Students create working definitions of stereotype as they examine the human behavior of applying categories to people and things. Students learn a new concept, universe of obligation, and use it to analyze the ways that their society designates who is deserving of respect and caring. Students draft a working thesis statement for an argumentative essay about the impact of choices in history. Students analyze the socially constructed meaning of race and examine how it has been used to justify exclusion, inequality, and violence throughout history. Students explore the long history of discrimination against Jews and come to understand how anti-Judaism was transformed into antisemitism in the nineteenth century.
Students begin the unit's historical case study by exploring the brutal realities of World War I and the impact of the armistice and the Treaty of Versailles. Students reflect on the idea of democracy as they analyze the politics, economics, and culture of Germany during the period of the Weimar Republic. Students start to gather evidence that supports or challenges their initial thinking about the writing prompt. Students examine how choices made by individuals and groups contributed to the rise of the Nazi Party in the s and s.
Students examine the steps the Nazis took to replace democracy with dictatorship and draw conclusions about the values and institutions that make democracy possible. Students consider the choices and reasoning of individual Germans who stayed quiet or spoke up during the first few years of Nazi rule.
Students respond to the writing prompt in a journal reflection and begin to evaluate the quality of the evidence they are gathering. Students analyze several examples of Nazi propaganda and consider how the Nazis used media to influence the thoughts, feelings, and actions of individual Germans. Students learn about the experiences of people in Nazi Germany through a variety of firsthand accounts and identify the range of choices that they faced.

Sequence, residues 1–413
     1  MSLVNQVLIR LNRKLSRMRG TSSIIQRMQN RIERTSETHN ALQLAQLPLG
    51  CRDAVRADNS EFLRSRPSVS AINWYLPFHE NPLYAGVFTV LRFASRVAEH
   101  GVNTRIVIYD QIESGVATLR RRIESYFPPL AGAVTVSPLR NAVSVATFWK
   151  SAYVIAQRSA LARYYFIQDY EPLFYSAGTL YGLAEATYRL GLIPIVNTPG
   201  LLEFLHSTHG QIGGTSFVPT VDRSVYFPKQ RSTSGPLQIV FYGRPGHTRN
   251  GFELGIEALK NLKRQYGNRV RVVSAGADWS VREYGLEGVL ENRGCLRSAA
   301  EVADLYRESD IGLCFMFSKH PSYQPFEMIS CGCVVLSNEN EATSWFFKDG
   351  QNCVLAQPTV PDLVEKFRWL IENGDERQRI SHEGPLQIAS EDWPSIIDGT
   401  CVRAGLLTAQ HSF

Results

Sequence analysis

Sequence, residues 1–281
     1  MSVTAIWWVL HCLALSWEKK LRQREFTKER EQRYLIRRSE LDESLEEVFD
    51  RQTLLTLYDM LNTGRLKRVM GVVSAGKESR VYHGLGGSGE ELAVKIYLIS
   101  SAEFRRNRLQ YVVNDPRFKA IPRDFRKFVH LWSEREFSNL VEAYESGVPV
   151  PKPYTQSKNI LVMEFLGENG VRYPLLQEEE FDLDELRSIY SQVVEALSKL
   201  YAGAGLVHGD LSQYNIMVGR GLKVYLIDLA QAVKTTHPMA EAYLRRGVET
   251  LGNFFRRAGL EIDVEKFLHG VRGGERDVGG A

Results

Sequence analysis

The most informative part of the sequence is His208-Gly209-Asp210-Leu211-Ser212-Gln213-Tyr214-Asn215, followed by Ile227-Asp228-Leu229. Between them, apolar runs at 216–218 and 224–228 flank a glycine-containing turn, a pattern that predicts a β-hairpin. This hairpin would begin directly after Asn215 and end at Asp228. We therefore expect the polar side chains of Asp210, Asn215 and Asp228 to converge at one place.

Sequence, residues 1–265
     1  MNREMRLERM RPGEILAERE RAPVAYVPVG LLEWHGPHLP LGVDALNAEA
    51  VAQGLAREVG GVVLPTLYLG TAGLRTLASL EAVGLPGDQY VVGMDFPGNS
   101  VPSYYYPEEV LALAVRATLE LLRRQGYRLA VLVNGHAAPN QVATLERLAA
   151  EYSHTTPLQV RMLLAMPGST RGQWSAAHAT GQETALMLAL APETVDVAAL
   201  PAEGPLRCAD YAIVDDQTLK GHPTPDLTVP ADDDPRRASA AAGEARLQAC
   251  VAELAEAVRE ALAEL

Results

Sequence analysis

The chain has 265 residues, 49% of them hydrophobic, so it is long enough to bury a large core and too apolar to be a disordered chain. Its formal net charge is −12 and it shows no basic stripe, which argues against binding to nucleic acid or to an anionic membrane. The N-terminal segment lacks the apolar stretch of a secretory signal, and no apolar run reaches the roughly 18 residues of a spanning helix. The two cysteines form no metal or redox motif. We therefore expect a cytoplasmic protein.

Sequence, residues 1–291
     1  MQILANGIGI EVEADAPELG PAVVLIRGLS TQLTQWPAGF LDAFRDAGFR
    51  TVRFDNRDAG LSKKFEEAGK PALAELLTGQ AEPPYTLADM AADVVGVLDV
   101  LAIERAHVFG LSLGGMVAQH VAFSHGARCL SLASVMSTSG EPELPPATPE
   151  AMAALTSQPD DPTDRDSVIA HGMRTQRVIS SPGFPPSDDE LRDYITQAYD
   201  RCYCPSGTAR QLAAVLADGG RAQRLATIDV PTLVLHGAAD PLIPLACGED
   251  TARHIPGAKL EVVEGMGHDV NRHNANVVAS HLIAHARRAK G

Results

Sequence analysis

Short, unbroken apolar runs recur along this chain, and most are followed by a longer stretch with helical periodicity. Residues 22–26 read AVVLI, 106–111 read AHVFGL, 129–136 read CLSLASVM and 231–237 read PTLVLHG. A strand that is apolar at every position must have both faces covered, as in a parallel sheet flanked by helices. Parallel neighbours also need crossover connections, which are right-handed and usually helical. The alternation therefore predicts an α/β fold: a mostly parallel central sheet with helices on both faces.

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Students learn about the violent pogroms of Kristallnacht by watching a short documentary and then reflecting on eyewitness testimonies. Students think about the responsibilities of governments as they consider how countries around the world responded to the European Jews trying to escape Nazi Germany. Students share their ideas about the writing prompt in groups and continue to build their evidence logs. Students are introduced to the enormity of the crimes committed during the Holocaust and look closely at stories of a few individuals who were targeted by Nazi brutality.
Students deepen their examination of human behavior during the Holocaust by analyzing and discussing the range of choices available to individuals, groups, and nations.
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Students grapple with the meaning of justice and the purpose of trials as they learn how the Allies responded to the atrocities of Nazi Germany. Students approach the unit writing prompt in its entirety through journal reflection, evidence, gathering, and discussion.
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Students both respond to and design Holocaust memorials as they consider the impact that memorials and monuments have on the way we think about history. Students complete activities that help them think about the unit as a whole as they prepare a strong thesis statement for their essay. Get Started 2. Introducing The Unit 3. Exploring Identity 4. Universe of Obligation 6.
Introduction to the Holocaust
The Concept of Race 7. The Roots and Impact of Antisemitism 8. The Weimar Republic The Rise of the Nazi Party Dismantling Democracy Do You Take the Oath? Laws and the National Community The Power of Propaganda Youth and the National Community Kristallnacht Responding to a Refugee Crisis Race and Space The Holocaust: Bearing Witness The Holocaust: The Range of Responses Justice and Judgment after the Holocaust How Should We Remember?
Choosing to Participate. Add or Edit Playlist. What was the Holocaust? Why is it important to confront the brutality of this history? What did it mean to resist the Nazis? What kinds of resistance were those targeted by the Nazis able to carry out? What is the meaning of human dignity?
How did the Nazis seek to deprive their victims of basic human dignity, and how did those targeted attempt to preserve or reclaim their dignity? Students will be able to explain the range of Nazi methods of mass murder, including the establishment of Jewish ghettos, mobile killing units, concentration camps, and killing centers. Students will bear witness to the atrocities committed by the Nazis during the Holocaust, as well as extraordinary acts of resistance and efforts to preserve human dignity on the part of victims and survivors.